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After hosting NASCAR's return, Darlington set to open Cup Series playoffs

Clint Bowyer was as puzzled as anyone last May returning to Darlington Raceway about whether NASCAR could handle a pandemic.

He remembers seeing scores of people camping out at a dragstrip not far from the South Carolina racetrack -- "Packed to the gills with people in the pit area," he recalled -- and rolled on to the race.

"I'm not going to lie, I was really confused," Bowyer said.

Not all questions have answers, but one thing is certain: NASCAR is back on track as it starts its playoffs at the Southern 500 this weekend. The series started without fans and week by week gained more knowledge and momentum as it followed strict protocols to keep racing.

"They've done a good job of bobbing and weaving as they go in this age of pandemic, and we're still standing," Bowyer said.

That will be on full display Sunday night at the track "Too Tough To Tame," which hosts a third NASCAR race for the first time in its 70-year history. Track leaders were already primed to kick off the playoff chase. But whatever happens this week, it could be difficult to top the importance Darlington played to NASCAR's season in May.

Kevin Harvick, the playoff field's top seed, gained one of his seven victories in the Darlington return. He exited the car after the win, looked around at the empty raceway and called it "surreal."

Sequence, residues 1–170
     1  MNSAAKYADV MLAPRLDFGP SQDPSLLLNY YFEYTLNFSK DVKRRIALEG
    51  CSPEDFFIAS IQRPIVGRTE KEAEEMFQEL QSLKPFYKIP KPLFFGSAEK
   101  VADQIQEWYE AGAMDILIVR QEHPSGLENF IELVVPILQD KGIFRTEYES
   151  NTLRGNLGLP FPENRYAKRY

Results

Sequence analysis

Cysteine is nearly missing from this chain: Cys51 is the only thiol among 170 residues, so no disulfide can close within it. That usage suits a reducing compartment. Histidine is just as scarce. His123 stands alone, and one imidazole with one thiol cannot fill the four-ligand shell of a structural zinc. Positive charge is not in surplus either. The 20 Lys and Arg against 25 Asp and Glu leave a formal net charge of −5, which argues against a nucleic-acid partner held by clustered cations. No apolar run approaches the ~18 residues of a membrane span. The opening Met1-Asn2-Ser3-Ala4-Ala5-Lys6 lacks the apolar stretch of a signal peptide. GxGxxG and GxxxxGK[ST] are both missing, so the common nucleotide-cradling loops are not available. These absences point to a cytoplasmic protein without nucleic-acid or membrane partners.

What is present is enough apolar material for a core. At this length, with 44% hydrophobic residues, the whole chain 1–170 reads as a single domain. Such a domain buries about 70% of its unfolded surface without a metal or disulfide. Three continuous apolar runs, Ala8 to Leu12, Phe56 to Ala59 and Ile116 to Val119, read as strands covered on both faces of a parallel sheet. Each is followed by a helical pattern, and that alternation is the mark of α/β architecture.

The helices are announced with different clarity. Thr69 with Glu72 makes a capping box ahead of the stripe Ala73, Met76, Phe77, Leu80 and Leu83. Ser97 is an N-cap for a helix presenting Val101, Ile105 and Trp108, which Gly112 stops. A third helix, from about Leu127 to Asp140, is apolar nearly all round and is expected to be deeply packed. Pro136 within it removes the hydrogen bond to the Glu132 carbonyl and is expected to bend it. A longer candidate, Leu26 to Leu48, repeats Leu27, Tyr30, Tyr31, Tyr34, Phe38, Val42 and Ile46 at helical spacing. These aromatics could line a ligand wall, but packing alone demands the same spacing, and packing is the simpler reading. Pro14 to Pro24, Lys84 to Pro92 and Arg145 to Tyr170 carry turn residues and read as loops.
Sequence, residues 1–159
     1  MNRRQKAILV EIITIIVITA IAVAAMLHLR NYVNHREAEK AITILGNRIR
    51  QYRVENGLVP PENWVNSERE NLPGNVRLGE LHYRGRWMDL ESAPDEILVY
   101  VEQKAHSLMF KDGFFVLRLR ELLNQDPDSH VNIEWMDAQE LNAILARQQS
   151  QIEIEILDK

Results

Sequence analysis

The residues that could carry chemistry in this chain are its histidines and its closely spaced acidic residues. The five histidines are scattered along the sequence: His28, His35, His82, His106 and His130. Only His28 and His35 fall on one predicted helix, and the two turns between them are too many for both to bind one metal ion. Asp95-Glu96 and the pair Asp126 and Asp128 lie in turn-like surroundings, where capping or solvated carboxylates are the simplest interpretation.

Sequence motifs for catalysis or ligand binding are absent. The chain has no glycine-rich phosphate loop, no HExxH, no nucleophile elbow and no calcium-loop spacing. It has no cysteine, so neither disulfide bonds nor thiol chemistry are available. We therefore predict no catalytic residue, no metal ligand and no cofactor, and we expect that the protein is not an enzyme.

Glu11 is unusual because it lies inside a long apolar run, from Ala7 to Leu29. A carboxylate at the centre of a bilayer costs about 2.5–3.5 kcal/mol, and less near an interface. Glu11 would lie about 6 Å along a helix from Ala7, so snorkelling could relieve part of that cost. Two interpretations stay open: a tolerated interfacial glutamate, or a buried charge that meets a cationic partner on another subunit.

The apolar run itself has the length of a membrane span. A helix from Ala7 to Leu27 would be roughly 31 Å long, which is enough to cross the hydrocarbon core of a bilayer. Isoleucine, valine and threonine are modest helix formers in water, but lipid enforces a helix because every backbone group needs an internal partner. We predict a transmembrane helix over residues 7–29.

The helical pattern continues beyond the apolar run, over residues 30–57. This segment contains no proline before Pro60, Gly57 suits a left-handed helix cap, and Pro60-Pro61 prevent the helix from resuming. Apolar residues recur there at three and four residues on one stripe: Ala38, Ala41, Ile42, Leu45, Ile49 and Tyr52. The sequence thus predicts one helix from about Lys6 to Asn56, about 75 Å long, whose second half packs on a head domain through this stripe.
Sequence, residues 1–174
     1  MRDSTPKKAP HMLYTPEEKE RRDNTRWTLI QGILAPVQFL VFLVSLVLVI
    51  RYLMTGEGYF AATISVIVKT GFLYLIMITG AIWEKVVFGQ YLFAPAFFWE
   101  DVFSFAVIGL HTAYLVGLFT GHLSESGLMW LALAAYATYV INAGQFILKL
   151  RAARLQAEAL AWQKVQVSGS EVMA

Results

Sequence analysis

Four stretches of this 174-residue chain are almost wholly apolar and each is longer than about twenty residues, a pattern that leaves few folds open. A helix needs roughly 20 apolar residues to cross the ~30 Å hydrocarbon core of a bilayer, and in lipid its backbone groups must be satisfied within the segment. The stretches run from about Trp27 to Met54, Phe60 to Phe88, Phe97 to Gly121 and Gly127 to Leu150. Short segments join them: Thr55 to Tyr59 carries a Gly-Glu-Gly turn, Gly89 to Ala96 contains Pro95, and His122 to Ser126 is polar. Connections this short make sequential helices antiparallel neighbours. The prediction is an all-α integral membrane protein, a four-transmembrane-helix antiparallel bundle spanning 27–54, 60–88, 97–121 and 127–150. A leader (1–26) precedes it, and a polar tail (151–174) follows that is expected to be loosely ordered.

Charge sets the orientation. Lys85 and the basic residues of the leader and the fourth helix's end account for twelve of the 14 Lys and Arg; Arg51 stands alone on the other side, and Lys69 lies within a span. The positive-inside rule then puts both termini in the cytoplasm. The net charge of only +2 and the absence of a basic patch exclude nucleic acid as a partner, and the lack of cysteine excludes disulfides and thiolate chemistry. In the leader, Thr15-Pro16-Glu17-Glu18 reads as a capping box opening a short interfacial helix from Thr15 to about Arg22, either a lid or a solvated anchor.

Still, it was a start.

Three nights later, Denny Hamlin (seeded second with six wins) took another Darlington race as part of NASCAR's plan to make up for lost events.

Kurt Busch called it a "powerful" return week he won't soon forget.

"It came with a big moment of responsibility, but also everybody embraced that moment to create something big for NASCAR," Busch said. "To get back to some sense of normalcy, everybody deserves a pat on the back in the NASCAR community."

Darlington president Kerry Tharp said the cooperation of NASCAR leaders and state leaders ensured the return.

"Darlington and the state of South Carolina were at the forefront of bringing back live sports to our country," Tharp said. "Something we all desperately needed at that unprecedented time."

It will be a different Darlington this time around. The track got permission from the state to host about 8,000 fans (about a sixth of its 47,000-seat capacity) for Sunday night's crown jewel event.

And it will be NASCAR's yearly throwback weekend, a popular event when racers and their machines dress out in funky, fabulous costumes celebrating racing's past.

Tharp said the weekend is typically chock full of Hall of Fame drivers connecting with fans and making appearances. That can't happen this time because of concerns about the coronavirus.

"We'll miss that part of it, for sure," he said.

Chase Elliott, seeded fifth with two wins this season, had doubts the circuit would get this far in 2020.

"I was for sure skeptical that we were going to even have a season when all this started. So, yeah, I'm super happy that we have a chance to race and are able to do what we're doing," he said. "I know it's a little bit different, but we're still able to put on races each week and still able to compete and put a good product on TV."

Bowyer, the veteran with 10 career victories, is not surprised the NASCAR community found the path back to competition before other major sports.

"I've seen it my whole life," he said. "Racers find a way and they find a way before the next guy."